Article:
nolo contendere

Also found in: Dictionary, Thesaurus, Acronyms, Wikipedia.

Nolo Contendere

[Latin, I will not contest it.] A plea in a criminal case by which the defendant answers the charges made in the indictment by declining to dispute or admit the fact of his or her guilt.

The defendant who pleads nolo contendere submits for a udgment fixing a fine or sentence the same as if he or she had pleaded guilty. The difference is that a plea of nolo contendere cannot later be used to prove wrongdoing in a civil suit for monetary damages, but a plea of guilty can. Nolo contendere is especially popular in antitrust actions, such as price-fixing cases, where it is very likely that civil actions for treble damages will be started after the defendant has been successfully prosecuted.

A plea of nolo contendere may be entered only with the permission of the court, and the court should accept it only after weighing its effect on the parties, the public, and the administration of justice.

West's Encyclopedia of American Law, edition 2. Copyright 2008 The Gale Group, Inc. All rights reserved.

nolo contendere

(no-low kahn-ten-durr-ray) n. Latin for "I will not contest" the charges which is a plea made by a defendant to a criminal charge, allowing the judge to then find him/her guilty, often called a "plea of no contest." (See: no contest)

Copyright © 1981-2005 by Gerald N. Hill and Kathleen T. Hill. All Right reserved.

nolo contendere

‘it is not intended to contend’, a plea permissible in certain US jurisdictions whereby a person accused of a crime can be disposed of without, however, the accused admitting his guilt. It is not allowed in the UK, and pleas of convenience - ‘I can't be bothered fighting this and would like to get it over with’ - are frowned upon and usually treated as pleas of not guilty, resulting in the case having to proceed to a trial.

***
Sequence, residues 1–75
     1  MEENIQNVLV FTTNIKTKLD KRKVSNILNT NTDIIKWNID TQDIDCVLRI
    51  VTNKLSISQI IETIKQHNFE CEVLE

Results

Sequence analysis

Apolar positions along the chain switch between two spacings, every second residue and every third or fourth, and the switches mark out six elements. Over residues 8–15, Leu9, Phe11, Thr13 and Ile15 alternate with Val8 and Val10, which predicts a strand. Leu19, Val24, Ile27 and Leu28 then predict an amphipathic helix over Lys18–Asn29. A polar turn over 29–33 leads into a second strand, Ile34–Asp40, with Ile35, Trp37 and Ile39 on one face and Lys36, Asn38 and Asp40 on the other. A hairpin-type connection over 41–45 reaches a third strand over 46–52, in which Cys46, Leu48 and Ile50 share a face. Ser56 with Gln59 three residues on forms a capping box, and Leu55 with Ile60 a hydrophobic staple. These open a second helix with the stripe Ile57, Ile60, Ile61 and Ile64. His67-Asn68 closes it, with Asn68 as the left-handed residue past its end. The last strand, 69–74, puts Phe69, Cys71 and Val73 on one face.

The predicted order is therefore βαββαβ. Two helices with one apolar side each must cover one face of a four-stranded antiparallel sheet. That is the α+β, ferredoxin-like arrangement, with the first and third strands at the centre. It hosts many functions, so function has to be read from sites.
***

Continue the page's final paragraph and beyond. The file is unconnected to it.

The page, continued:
Collins Dictionary of Law © W.J. Stewart, 2006
References in periodicals archive ?
At common law, defendants could enter pleas of nolo contendere to misdemeanor charges and thereby accept conviction without making express admissions.
(6) First, the law has long allowed defendants to plead nolo contendere, which means that they refuse to admit guilt but accept punishment as if guilty.
Both defendants pleaded guilty or nolo contendere, respectively.
These cases involve defendants who either entered a plea of nolo contendere, or entered an Alford Plea.
The timing of the Salomon Brothers episode is such that certain sanctions by the Federal Reserve Bank of New York might apply even if the firm is not convicted of, or if it pleads guilty or nolo contendere to, a felony under U.S.
Former president Holderman pleaded nolo contendere and guilty to two criminal charges.
Amends subdivision (c)(10) to add farther detail about additional consequences for a child who is not a citizen of the United States and pleads guilty or nolo contendere. Amends Committee Notes for grammar and consistency.
"Here, there is no dispute that Petitioner pled nolo contendere to the misdemeanor violation of the protective order almost fourteen years before filing her petition seeking to vacate that plea.
(5.) Bibas, S., "Harmonizing Substantive Criminal Law Values and Criminal Procedure: The Case of Alford and Nolo Contendere Pleas", in Cornell Law Review, 88, 2003.
This can include, but not be limited to a plea of nolo contendere entered to the charge; or a displayed inability to practice nursing as a registered professional nurse or licensed undergraduate nurse with reasonable skill and safety due to illness, use of alcohol, drugs, narcotics, chemicals, or any other type of material, or as a result of any mental or physical condition.
Florida Rule of Criminal Procedure 3.850 affords a person who has been tried and found guilty or who pleaded guilty or nolo contendere an opportunity to challenge his or her judgment and sentence and obtain post-conviction relief.